On December 10, 2014, long-time color commentator Bobby "The Chief" Taylor announced he would be retiring from the broadcast booth at the end of the 2014–15 season. Taylor had served as the team's color commentator since the 1993–94 season, which was the team's second year of existence. Taylor cited that he desired to be home with his wife Jan more. Taylor said, "The road was starting to get a little stale," and "I've been traveling since I was 15, and that's a long time." However, Taylor announced that he was not completely stepping away from the team broadcasts. He has continued to serve as a studio analyst during the games on Fox Sports Sun for both home and away games.[82]

On August 11, 2015, Fox Sports Sun, the regional television home of the Lightning, announced Brian Engblom as Taylor's replacement on color commentary for the 2015–16 season.

Team colors and mascot

Since 2010, the Lightning colors have been blue, black and white. Their logo has been a stylized lightning bolt. This is the origin of one nickname for the team—the "Bolts".[83]

Logo and jerseys

The primary (left) and alternate logos (right) used by the team from 1992 to 2007. The team was named the Lightning in reference to the Tampa Bay Area being the "lightning capital of North America".

The original Lightning jerseys featured simple stripes on the sleeves and tail, and contrasting shoulders—black shoulders over a white jersey, and white shoulders over the black—with the alternate logo (a lightning bolt over the outline of the state of Florida). The underarm gussets included a feature referred to as "victory stripes"—a group of thin stripes, alternating in the team's colors (black-silver-blue on white, or white-blue-silver on black). For the 1996–97 season, the Lightning added a third jersey, primarily blue with a sublimated wave and rain design on the front and back, lightning bolts down the sleeves, a silver-gray shoulder yoke, and black gussets. The third jersey was retired after the 1998–99 season.

In their first two seasons, the Lightning used a stylized block font for player names, with gaps in the upper loops of letters such as A, B, D, and R. The numbers were standard block numbers with drop shadows. The fonts were vertical in 1992–93, and italicized in 1993–94. The following season, the name font changed to a block font, vertically arched, while the number font changed to a painted style resembling the letters "Tampa Bay" in the logo. This style was also used on the blue alternate in 1998–99, replacing an "electrified" number font used from 1996 to 1998. In 2001–02, the old fonts were replaced with traditional block letters and numbers, which have been used ever since. They also darkened their shades of blue that season from a royal blue to a speed (Indy) blue.

As with all NHL teams for the 2007–08 season, the Lightning debuted in new Reebok "Rbk Edge" jerseys. Also, like several other NHL teams, the Lightning updated their team logo.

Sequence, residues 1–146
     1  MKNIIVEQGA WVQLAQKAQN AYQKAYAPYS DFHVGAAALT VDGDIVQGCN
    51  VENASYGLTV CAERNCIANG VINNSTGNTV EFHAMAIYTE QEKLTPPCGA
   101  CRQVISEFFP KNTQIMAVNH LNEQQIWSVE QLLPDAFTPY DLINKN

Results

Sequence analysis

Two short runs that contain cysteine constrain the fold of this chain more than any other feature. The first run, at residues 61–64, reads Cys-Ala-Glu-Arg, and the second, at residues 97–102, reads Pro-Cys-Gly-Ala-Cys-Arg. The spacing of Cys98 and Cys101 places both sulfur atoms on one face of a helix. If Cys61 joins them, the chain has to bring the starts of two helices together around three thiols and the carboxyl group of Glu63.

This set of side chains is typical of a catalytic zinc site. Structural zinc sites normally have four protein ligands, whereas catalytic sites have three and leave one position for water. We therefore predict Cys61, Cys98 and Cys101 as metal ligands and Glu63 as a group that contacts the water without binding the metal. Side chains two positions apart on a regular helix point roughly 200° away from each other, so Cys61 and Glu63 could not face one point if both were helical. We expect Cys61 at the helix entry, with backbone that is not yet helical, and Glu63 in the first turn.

The Lightning unveiled their new logo on August 25, 2007. The logo was similar to the inaugural one, but with a more modern look. The new logo also kept the same theme as the previous one, but with the words "Tampa Bay" across the top now appearing with tall capital initials, and the word "Lightning" no longer appearing on the bottom of the logo.

In 2007 the Lightning adopted a new primary logo, which was used until 2011.

The Edge jerseys use the same template adopted by the Ottawa Senators and Pittsburgh Penguins. Unlike those teams, the Lightning's elbow panels remain the base color of the jersey, and an additional blue panel is added near the cuff of the sleeve. The Edge uniforms retain the underarm gusset "victory stripes" of their predecessors.

The Lightning then debuted a new "alternate" or "third" jersey in the 2008–09 season. The jersey features a dominant "electric blue" color, with black and silver accents at the end of the sleeves. The logo is removed, and in its place emblazoned across the front of the jersey descending to the lower left of the jersey is the word "BOLTS" (utilizing a layout similar to that of the Ottawa Senators' third jersey). The numbers are featured on the back and sleeves only, using white lettering.[84]

It was reported on January 23, 2011, that the Lightning had filed paperwork with the NHL to change their logo and colors, beginning with the 2011–12 season.[85] The new logo, as well as the new home and away jerseys, were unveiled by the team at a press conference at the St. Pete Times Forum on January 31, 2011.[86] The Lightning began to integrate the new logo onto center ice, and even distributed free T-shirts with the simplified logo on February 4, 2011, while still using the old Lightning logo and uniforms.[87]

The current uniforms are made in a traditional hockey sweater design. Initially, the colors that were to be used were simply blue and white, but by popular demand, black was later added as a trim color on the numbers. The victory stripes were also eliminated. Despite the introduction of the new uniforms, the previous third jersey was retained, with the new simplified logo replacing the old logo in the shoulders prior to the 2012–13 season.